Turkey, China each report another avian flu case

Jan 10, 2005 (CIDRAP News) – Tests in Turkey have confirmed another human case of avian flu, bringing the country's reported total to 15, while Chinese authorities reported China's eighth case, the World Health Organization (WHO) said today.

The WHO has officially recognized only four cases so far in Turkey, following their confirmation by outside reference laboratories, but the agency said yesterday the quality of testing at Turkey's national flu center in Ankara is high.

The latest case is in a 37-year-old woman with a history of exposure to sick chickens, the WHO said. She lives in the central province of Sivas, the seventh province to report cases, the statement said.

In China, the latest case-patient is a 6-year-old boy from the southern province of Hunan, the WHO said. He became ill Dec 24 and is hospitalized in stable condition.

Initial investigation suggested that the boy became infected through exposure to sick or dying poultry in his family's flock, though no poultry outbreaks have been officially reported in the area, the WHO said.

Chinese officials also have reported the deaths of two previously reported case-patients, according to the WHO. They are a 10-year-old girl from the Guangxi region and a 35-year-old man from Jiangxi province. The cases were reported Dec 7 and 16, respectively.

China now has had eight confirmed cases, five of which were fatal, the WHO said. The latest case is the second in Hunan province; the other patient, reported in November, lived about 300 kilometers from the new patient.

All 15 of Turkey's cases have been confirmed by the government within just the past week. Two teenagers from eastern Turkey died last week.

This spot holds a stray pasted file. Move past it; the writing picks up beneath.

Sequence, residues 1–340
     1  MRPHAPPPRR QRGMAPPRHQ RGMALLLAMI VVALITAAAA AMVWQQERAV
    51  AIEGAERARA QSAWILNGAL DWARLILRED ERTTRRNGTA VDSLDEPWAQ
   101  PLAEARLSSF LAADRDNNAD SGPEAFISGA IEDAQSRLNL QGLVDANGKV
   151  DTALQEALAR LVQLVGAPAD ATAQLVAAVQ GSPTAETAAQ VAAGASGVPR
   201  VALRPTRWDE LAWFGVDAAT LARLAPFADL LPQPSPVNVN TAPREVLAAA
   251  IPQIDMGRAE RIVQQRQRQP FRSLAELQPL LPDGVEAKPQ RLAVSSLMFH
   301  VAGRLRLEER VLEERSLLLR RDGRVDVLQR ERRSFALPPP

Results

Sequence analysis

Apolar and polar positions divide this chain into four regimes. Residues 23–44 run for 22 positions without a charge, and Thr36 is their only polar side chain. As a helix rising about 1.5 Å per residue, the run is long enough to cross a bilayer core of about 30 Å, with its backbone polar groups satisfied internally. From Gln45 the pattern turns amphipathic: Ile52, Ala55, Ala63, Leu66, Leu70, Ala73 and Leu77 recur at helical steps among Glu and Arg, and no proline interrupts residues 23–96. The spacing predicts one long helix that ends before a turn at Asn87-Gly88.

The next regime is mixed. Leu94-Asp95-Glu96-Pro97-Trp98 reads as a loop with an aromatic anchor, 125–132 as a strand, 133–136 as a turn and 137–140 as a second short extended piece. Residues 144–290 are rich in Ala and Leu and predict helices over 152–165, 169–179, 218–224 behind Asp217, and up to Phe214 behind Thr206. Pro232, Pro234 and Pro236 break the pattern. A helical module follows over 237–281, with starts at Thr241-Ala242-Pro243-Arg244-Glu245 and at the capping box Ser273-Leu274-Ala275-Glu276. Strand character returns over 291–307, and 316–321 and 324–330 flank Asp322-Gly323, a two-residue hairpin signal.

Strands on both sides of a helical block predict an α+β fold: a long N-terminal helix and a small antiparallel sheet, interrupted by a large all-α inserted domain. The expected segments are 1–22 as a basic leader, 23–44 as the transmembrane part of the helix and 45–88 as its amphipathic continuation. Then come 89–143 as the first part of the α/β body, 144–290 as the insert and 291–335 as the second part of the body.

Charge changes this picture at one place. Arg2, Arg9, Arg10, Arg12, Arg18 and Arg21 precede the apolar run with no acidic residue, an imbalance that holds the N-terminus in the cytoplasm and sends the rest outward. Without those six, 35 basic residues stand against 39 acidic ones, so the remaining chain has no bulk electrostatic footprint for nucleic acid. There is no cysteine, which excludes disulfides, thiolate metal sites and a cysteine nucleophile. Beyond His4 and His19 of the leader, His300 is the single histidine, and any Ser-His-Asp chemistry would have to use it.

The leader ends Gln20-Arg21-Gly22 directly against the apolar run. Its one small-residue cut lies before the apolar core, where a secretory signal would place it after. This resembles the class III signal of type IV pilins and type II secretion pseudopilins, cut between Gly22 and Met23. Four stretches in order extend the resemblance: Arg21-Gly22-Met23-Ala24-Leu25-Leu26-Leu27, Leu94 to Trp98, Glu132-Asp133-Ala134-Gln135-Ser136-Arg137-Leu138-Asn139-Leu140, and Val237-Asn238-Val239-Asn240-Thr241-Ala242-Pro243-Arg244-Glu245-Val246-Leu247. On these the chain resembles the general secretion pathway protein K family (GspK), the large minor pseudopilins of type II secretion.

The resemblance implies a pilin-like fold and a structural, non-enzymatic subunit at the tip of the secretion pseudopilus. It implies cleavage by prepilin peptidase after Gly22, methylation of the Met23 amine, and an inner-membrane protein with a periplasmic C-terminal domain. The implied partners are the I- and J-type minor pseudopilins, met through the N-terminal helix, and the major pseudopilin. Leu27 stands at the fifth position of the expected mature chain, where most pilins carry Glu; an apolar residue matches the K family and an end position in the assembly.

Despite Turkey's rapidly rising case count, a WHO official in Turkey said the virus does not seem to be spreading from person to person, according to an Associated Press (AP) account.

"It seems to be clear that we are dealing with a situation similar to what we have seen in Asia, which means in practice a number of small sites, family clusters of disease involving many children and always with documented or reported contact with infected birds, typically backyard poultry," said Guenael Rodier, part of a WHO team in Turkey.

The 37-year-old woman is only the second adult among the Turkish cases so far, according to an Agence France-Presse (AFP) report. The rest are children and teenagers from several provinces who are being treated in Ankara, the northern city of Samsun, and the eastern city of Van, the story said..

Turkey's agriculture ministry said 306,000 birds have been culled in 15 of the country's 81 provinces, according to AFP.

In Japan today, the government said 77 healthy poultry workers have shown evidence of past infection with H5N2 avian flu, marking the first time that virus has been known to infect humans, according to an AFP report.

The workers in Ibaraki and Saitama prefectures, north of Tokyo, carried antibodies believed to result from an H5N2 infection, officials said. Japan has had several poultry outbreaks of H5N2, a milder strain than H5N1, in recent months.

An official said none of the workers have the virus now, so there is no risk they will spread it to others, according to the story. When the workers became infected was unknown.

The AFP report said five people in western Japan were infected with H5N1 avian flu in 2004, but none suffered more than a sore throat.

See also:

WHO update on Turkey
http://www.who.int/csr/don/2006_01_10a/en/index.html

WHO update on China
http://www.who.int/csr/don/2006_01_10/en/index.html

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